What are the keys to decarbonising Europe’s heating and cooling ?

Original article published on 28 March 2017 on BUILDUp (The European portal for energy efficiency in buildings) website

5 factors are holding back the energy transition to a zero emissions Europe by 2050, writes Thomas Nowak.

The way we use energy in our society needs to change if we want to keep global warming well below 2°C, as stipulated at COP21 in Paris. This transition needs to include decision-makers on all levels and must above all include citizens.

A world without fossil fuels seems daunting, but the energy transformation is already happening: it’s entering people’s psyches, production cost is going down, and it’s ‘cleaning out’ our grids: in 2016, 86% of the new capacity built across Europe came from renewables, that’s 21.1GW of new clean energy power entering our system.

This is true for electricity, but where is heating and cooling? The sector is responsible for 51% of final energy use in Europe and about 27% of CO2 emissions. Decarbonising heating and cooling is a tremendous challenge: even in new buildings, the market uptake of low emission technologies is too slow and the renovation sub-sector is suffering from an even lower renovation rate.

Heating and cooling is a sector governed by tradition. If you need heat, you burn something –  this is common practice, understood and mostly unchanged since our early forefathers lived in caves. Cooling started with ice and quickly moved to electricity, using the refrigerant cycle. Important in everybody’s daily lives, heating and cooling technology is hidden in basements and on rooftops connected via pipes and tubes to radiators, floor heating systems or ceiling boxes.

A good heating/cooling system is a working system – out of sight, out of mind. On commercial levels and in industrial processes, the same applies on a much larger scale. Functionality and reliability have too often been prioritized over innovation: why change a running system? Heating and cooling is not characterized by short innovation cycles and many systems are operated even past their expected useful life. Yet, we do need to increase the speed of change and we need it to happen fast if we are to get to zero emissions by 2050, only 33 years away.

The energy transformation implies an overhaul of the entire value chain, from research and development to manufacturing to installation and maintenance. Today’s heating industry is still dominated by fossil fuels with market shares of green heating solutions not even close to the level needed for reaching zero emissions.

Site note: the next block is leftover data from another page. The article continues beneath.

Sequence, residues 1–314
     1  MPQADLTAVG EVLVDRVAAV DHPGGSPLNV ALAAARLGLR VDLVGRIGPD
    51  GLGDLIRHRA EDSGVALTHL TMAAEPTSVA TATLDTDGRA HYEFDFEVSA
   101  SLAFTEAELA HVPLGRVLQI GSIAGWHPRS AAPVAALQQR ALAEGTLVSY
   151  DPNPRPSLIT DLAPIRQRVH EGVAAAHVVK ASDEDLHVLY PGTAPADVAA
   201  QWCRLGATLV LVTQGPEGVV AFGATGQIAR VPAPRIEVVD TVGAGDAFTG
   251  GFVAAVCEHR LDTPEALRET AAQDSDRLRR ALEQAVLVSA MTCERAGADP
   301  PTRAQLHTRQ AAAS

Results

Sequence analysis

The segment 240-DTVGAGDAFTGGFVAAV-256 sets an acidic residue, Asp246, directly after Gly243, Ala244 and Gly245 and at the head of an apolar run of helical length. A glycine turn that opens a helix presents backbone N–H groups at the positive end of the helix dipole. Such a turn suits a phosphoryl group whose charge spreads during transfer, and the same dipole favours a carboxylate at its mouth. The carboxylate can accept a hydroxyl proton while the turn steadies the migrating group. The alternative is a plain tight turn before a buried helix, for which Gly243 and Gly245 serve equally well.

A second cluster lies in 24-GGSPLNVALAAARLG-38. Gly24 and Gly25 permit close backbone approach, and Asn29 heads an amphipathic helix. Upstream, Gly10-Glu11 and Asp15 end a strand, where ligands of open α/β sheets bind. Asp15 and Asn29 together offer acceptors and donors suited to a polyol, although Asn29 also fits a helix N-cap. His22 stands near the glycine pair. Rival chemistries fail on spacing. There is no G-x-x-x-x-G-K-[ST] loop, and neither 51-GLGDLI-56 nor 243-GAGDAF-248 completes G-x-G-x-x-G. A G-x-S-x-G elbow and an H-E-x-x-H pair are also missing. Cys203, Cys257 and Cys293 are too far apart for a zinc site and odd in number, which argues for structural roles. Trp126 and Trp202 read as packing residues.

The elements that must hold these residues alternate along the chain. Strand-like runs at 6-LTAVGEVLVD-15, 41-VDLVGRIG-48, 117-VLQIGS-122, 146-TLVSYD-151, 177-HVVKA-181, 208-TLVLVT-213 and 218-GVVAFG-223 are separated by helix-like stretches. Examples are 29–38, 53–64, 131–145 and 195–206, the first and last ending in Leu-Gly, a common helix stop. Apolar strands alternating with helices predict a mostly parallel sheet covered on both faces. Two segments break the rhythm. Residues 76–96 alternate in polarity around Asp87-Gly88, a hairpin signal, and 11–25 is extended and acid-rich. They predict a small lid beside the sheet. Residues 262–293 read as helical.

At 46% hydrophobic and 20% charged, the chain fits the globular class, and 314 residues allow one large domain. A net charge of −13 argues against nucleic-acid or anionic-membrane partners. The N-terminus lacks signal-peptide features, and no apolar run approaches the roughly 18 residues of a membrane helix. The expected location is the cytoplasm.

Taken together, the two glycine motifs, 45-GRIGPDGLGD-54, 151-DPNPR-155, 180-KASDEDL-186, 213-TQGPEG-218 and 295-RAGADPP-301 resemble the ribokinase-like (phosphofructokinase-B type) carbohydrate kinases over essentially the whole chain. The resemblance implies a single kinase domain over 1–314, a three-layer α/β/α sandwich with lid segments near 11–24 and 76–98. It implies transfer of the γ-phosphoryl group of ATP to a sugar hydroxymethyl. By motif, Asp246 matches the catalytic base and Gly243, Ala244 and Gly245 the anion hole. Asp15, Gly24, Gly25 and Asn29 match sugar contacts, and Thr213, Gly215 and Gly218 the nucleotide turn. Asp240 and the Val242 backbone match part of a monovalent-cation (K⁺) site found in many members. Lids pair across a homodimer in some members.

But there is a bright side to it: technologies for a decarbonised sector exist and manufacturers know how to make and deploy low-to-zero emission “2050-ready” heating solutions, air conditioning systems and cooling equipment. In the construction sector, the know-how to build, refurbish or renovate a building to near zero energy standards exists. And industry is experimenting with circular economy concepts that include reusing energy.

If technologies exist, what is the problem? Five key factors are inhibiting green solutions from being the most cost efficient and most easily deployed:

  1. Subsidies for fossil fuels prevail across the EU, keeping operation costs artificially low. With the investment costs of greener solutions still higher, the additional costs are rarely recovered over the useful life of the installation.
  2. There is no price signal influencing the negative environmental impact from burning fossil energy in the heating sector. Electricity is covered by the European Trading Scheme (ETS), but combustion-based heating is not covered.
  3. While you can find financing solutions for buying a new car, the banking sector does not facilitate investing in new heating solutions, distribution infrastructure and building systems that would lower energy consumption.
  4. Current heating solutions benefit from decades of optimization and standardisation. For the installer, this is business as usual: the basic like-for-like replacement, fault-forgiving and recognized as working by the client. This ease of installation has yet to be achieved for “2050 ready” replacement solutions to come to market faster.
  5. If a heating system fails, a fast replacement is required, but in such “distressed purchase” situations the suggested replacement is rarely the best long-term solution. Standardized green renovation packages including financing and (if needed) an upgrade of the building envelope must become the modus operandi for business.

Addressing these points will help to unleash the power of individual, corporate, and municipal investments in favour of a more fully decarbonised heating and cooling system. This can be re-enforced further. Policy-makers must give a strong signal to end-users and industries on the need for change and the incompatibility of fossil-based solutions with the 2050 goals to reach a zero emissions economy for Europe.

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